Quarter horse enthusiasts win legacy award

TABER, Alta. — Ed Sparks’ voice warms as he holds photos of some special quarter horses. He and his wife, Pat, have been breeding, raising and training horses since 1965, and as Ed cradles the photographs, it’s obvious that horses are a lifetime love.

Others in the quarter horse realm know it.

Ed and Pat were recipients of the American Quarter Horse Association Legacy Breeder award for 2017. Though ill health now prevents either of them from riding or training, the couple still own 19 quarter horses that live on their farm northeast of Taber, Alta.

Pat, a former champion barrel racer, is now in a wheelchair and lives in town, but Ed and his nephew, Shaun Rombough, look after the daily feeding of animals on the farm — the horses as well as Pat’s many cats.

“I knew it was coming,” Ed said about the legacy award.

“We got a big plaque at 40 years and then we knew this was coming so we just kept breeding mares and carrying on as long as we could and finally we made it, so that’s a milestone. A lifetime achievement award, is what it amounts to.”

Ed began breaking and training horses in the 1940s and1950s. Then he saw Sleepy Cat, one of the first quarter horse stallions to be shown in Canada. He was impressed.

“I got kind of liking them,” he said about the breed.

Both Ed and Pat were on the rodeo circuit for a time, using quarter horses in calf roping and barrel racing. Ed also tried his skills at bull riding and saddle bronc but those were short-lived.

“I got carried out of the arena in 1952 at Edmonton Gardens” after one bull-riding event. “That finished my rodeo bull-riding career right there. And I got packed out of the arena with saddle broncs, so what do you do? The smart thing was to try something else.”

Training and breeding became the focus. Ed and Pat have registered at least one foal every year since 1965, for a total of 372.

Some of the treasured photos show Skedadle Chick, a foal sired by an AQHA champion that also became champion and superior halter horse. Then there’s Till I Win, a horse sired by Peppy’s Tiller, which Ed trained and rode in calf-roping events.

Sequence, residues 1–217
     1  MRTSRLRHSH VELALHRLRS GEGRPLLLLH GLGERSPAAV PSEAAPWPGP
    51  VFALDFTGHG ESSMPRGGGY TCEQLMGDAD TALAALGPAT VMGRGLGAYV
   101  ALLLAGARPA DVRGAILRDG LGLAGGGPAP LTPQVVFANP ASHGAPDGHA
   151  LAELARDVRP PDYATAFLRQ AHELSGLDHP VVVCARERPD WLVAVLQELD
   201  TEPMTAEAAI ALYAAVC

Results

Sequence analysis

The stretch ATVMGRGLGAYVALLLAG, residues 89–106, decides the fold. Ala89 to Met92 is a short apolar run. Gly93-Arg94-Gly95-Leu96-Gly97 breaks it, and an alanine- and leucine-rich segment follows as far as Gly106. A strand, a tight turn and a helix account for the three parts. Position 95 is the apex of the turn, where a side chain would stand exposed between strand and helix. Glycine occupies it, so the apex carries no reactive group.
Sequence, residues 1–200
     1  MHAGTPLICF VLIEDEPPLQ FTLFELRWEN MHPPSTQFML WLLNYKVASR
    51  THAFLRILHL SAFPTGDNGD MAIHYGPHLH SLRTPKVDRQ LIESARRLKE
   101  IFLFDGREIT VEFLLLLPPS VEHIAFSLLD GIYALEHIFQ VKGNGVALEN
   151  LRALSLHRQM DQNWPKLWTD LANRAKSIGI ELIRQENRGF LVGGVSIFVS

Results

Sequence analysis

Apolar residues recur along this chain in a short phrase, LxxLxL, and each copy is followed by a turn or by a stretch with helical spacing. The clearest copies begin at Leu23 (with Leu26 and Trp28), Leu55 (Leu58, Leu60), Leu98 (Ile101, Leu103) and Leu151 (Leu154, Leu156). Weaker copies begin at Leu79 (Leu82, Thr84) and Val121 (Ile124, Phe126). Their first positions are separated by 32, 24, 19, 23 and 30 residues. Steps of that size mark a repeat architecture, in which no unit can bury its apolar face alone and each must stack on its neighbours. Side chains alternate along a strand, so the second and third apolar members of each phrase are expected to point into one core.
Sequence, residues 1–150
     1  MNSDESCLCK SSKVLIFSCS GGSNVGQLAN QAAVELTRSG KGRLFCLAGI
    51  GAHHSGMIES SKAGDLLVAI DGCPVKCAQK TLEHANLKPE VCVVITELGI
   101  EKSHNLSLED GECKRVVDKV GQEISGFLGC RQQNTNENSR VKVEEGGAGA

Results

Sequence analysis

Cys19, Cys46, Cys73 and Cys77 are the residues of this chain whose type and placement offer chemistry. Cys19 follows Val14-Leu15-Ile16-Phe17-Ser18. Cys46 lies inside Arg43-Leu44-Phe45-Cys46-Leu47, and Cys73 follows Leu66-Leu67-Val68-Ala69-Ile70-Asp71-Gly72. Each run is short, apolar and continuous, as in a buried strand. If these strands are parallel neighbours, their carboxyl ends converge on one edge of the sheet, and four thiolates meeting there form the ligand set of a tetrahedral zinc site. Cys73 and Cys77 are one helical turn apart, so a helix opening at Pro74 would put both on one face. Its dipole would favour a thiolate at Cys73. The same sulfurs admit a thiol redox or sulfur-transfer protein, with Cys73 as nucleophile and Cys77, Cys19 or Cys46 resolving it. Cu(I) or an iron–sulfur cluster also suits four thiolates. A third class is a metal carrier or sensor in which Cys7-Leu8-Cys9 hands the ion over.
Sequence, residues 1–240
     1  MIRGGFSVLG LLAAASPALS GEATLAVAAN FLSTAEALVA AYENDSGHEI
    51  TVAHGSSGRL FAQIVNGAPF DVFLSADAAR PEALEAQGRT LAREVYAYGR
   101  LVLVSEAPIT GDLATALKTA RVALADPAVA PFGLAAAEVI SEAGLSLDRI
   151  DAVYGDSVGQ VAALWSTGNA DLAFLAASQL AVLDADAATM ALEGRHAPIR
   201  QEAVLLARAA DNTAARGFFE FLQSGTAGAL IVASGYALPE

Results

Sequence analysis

A photo of Pat astride Flashy One, also sired by Peppy’s Tiller, is among the favourites, as is a photo of the couple with Diamond Dictator and a shot of Peppy’s Tiller himself, a product of the famed King Ranch breeding program in Texas and the first stallion the couple ever owned.

Do they have a favourite horse?

“A few hundred of them,” said Ed. He described his perfect quarter horse as one of about 15 hands, with a short back, long hip and long shoulder, a clean neck and a big soft eye.

Good feet and legs are crucial, and Ed has a preference for dark hoofs.

“A lot of people like these stocking legs and I’ve never cared much for a lot of stocking legs. We’ve had some, but white feet were hard to take care of. I like the solid dark ones.”

The Sparks travelled around North America watching and buying horses, Ed more so than Pat because she had to look after the stock back at home. She was also manager and secretary for the Taber Quarter Horse Show when it was still operating, and looked after registrations for their animals.

Meeting people in the AQHA and horse industry is a lasting pleasure.

“There’s very few strangers in the world of a horse,” said Ed.

He and Pat agree that horse training methods have changed over the years. At one time, it involved bending a horse to the trainer’s will.

Now, “you have to think like a horse,” said Ed. “You make your ideas their ideas.”

And there are no bad horses, a point on which the couple also agrees.

“Most horse problems are man problems. People create the problems with their horses,” said Pat.

Declining health has created a worry for them about the future of their remaining horses.

“I’m hoping to stimulate some interest, maybe, through this, and maybe somebody will be interested in buying some foundation quarter horses. Perhaps someone will be interested in foundation breeding.”

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